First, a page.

Dubbed the ‘sunshine vitamin’, Vitamin D is a vital component of a healthy immune system, as well as strong bones, teeth and muscles. But the likelihood is, you’re not getting enough of it. In fact, it’s estimated that more than 1 billion people are low in Vitamin D globally, and it’s for this reason that I’m passionate about emphasising the importance of the vitamin and the fact that everyone should be supplementing it daily.
Why Vitamin D matters
More so resembling a hormone, vitamin D is not technically a vitamin – and our bodies don’t produce it on their own. It can only be processed through consuming specific foods such as fatty fish, egg yolks, and red meat, and absorbed by our skin with direct exposure to sunlight – UVB rays specifically.
An insufficient supply of Vitamin D can lead to a host of issues – it’s vital for everything from hormone balance and immune function to healthy teeth, bones, good brain health and mood. It’s especially important for the formation of the happy hormone, serotonin, which is why many people experience low moods during the winter months. Research has also shown that low levels can increase our risk of developing diabetes and cardiovascular disease. In other words, there are very few areas of the body that it doesn’t reach. With that in mind, it’s a good idea to keep your levels topped up.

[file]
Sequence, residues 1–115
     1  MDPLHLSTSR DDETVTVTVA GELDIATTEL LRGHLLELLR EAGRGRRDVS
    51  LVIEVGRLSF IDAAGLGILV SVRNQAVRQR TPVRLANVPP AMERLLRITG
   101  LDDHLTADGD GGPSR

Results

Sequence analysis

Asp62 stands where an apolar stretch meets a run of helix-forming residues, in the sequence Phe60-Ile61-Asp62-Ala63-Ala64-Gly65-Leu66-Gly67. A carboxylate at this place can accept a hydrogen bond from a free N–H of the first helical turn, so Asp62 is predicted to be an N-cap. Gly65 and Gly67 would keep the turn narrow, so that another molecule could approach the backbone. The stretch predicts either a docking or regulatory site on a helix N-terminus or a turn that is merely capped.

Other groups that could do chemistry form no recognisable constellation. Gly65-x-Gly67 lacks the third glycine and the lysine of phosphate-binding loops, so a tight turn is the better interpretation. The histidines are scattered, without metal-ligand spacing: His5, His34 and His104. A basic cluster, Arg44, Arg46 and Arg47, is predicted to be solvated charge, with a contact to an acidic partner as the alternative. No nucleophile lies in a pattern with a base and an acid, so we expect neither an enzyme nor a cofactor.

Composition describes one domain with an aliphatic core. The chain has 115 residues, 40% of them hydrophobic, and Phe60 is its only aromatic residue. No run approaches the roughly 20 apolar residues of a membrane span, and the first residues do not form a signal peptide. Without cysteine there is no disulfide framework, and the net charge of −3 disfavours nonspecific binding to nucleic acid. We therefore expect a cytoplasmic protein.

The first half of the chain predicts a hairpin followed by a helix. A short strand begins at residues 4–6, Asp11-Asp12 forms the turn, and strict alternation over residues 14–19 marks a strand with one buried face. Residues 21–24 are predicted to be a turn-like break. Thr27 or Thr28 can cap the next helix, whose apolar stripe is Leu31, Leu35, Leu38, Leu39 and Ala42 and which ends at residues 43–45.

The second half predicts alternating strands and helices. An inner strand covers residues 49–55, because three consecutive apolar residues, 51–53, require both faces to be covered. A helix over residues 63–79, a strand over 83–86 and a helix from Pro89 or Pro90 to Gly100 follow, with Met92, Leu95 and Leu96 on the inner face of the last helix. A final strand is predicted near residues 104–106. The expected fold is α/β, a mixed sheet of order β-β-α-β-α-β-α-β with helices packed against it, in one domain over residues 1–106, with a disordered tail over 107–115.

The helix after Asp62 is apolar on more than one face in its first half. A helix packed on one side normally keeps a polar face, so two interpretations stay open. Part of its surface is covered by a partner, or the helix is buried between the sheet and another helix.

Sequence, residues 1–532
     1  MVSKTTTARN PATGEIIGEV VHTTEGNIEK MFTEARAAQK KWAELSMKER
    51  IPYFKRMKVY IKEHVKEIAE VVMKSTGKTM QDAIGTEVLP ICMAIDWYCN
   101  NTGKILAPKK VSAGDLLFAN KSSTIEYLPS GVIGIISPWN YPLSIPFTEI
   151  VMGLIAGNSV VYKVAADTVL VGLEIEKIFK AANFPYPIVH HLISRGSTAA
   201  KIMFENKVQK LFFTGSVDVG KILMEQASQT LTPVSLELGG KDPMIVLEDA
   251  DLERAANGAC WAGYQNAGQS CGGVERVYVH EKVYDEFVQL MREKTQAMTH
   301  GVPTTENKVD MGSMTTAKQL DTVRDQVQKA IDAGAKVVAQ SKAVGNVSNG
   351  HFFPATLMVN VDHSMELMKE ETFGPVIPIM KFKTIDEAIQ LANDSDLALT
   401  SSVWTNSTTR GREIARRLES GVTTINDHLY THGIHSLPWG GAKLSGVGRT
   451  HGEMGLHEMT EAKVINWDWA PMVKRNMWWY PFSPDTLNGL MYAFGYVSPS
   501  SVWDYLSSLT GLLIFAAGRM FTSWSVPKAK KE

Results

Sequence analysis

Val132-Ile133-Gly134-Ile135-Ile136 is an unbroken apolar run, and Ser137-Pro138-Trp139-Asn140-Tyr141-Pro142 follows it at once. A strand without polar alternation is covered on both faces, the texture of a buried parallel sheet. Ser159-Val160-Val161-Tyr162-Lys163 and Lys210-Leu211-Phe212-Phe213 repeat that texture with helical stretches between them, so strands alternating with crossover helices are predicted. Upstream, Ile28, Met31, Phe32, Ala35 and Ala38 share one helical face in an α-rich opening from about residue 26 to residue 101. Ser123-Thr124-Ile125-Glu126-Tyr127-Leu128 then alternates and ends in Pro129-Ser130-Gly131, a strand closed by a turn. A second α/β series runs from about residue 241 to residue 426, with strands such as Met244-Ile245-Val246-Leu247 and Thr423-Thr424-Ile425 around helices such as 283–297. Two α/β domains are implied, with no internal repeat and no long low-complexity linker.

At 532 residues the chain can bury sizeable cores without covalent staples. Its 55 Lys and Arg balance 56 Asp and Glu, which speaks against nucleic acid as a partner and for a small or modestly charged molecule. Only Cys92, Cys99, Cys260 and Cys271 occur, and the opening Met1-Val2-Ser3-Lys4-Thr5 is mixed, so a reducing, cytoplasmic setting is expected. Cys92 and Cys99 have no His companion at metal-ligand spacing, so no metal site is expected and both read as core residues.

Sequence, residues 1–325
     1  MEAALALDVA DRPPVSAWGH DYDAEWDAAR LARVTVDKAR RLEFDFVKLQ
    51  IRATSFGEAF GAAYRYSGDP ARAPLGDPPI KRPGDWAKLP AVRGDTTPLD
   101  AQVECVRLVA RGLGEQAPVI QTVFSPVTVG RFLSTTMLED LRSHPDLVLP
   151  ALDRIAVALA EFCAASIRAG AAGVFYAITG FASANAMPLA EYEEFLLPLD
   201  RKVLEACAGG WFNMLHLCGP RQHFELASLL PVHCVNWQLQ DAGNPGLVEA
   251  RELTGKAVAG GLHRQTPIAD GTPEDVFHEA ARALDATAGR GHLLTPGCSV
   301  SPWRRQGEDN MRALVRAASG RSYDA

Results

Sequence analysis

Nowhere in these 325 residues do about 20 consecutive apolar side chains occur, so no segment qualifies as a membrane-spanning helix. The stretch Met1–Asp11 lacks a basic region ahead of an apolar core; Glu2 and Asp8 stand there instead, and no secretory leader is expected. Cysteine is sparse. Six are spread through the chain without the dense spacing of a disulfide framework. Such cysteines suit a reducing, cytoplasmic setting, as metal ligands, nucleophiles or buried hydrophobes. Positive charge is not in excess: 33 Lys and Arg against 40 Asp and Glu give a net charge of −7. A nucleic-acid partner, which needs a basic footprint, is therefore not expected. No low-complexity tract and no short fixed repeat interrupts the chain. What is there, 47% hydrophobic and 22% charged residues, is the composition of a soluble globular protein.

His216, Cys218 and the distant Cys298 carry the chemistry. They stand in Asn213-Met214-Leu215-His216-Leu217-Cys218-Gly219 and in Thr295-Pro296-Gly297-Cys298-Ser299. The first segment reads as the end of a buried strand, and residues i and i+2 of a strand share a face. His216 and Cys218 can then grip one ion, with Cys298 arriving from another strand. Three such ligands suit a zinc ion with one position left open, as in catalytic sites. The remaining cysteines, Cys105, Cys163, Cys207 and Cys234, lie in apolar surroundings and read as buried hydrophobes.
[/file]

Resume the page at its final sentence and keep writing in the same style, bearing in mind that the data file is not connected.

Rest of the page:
How do you know if you’re deficient?
Deficiency can be assessed using a simple blood test – which you can request through your GP or privately. Common symptoms include muscle aches, pain, fatigue and depression, but some people can be deficient and experience no symptoms at all.
Should you be supplementing?
In the UK, we are all susceptible to vitamin D deficiency – especially between October to March – since the UK offers too little sunlight to give our bodies what they need and getting enough from diet alone can be challenging.
There are five different types when it comes to vitamin D, but it’s Vitamin D3 that’s key. Aim for 3000-6000iu every day, especially during September to May. Pregnant women, vegans and people who spend a lot of time indoors are more likely to develop a deficiency, so it’s a good idea to test and check your levels if you’re worried.
I recommend that my patients use the Better You D-Lux 3000 Spray, which, as it’s in a spray form, ensures the vitamin is absorbed into the bloodstream rather than being digested in the stomach, which can cause some of the nutrients to be lost.
Vitamin D and menopause
Vitamin D is particularly important for female health due to its close working relationship with oestrogen. Oestrogen can increase the activity of the enzyme that activates vitamin D in the body. So, when our oestrogen levels decline as we approach menopause, our vitamin D levels may also drop. In support of supplementation, several studies also suggest that maintaining adequate levels of vitamin D may help to reduce menopausal symptoms such as hot flushes, night sweats, sleep disturbances and poor concentration, so it’s worthwhile keeping your levels topped up if you’re heading towards this stage of your life.
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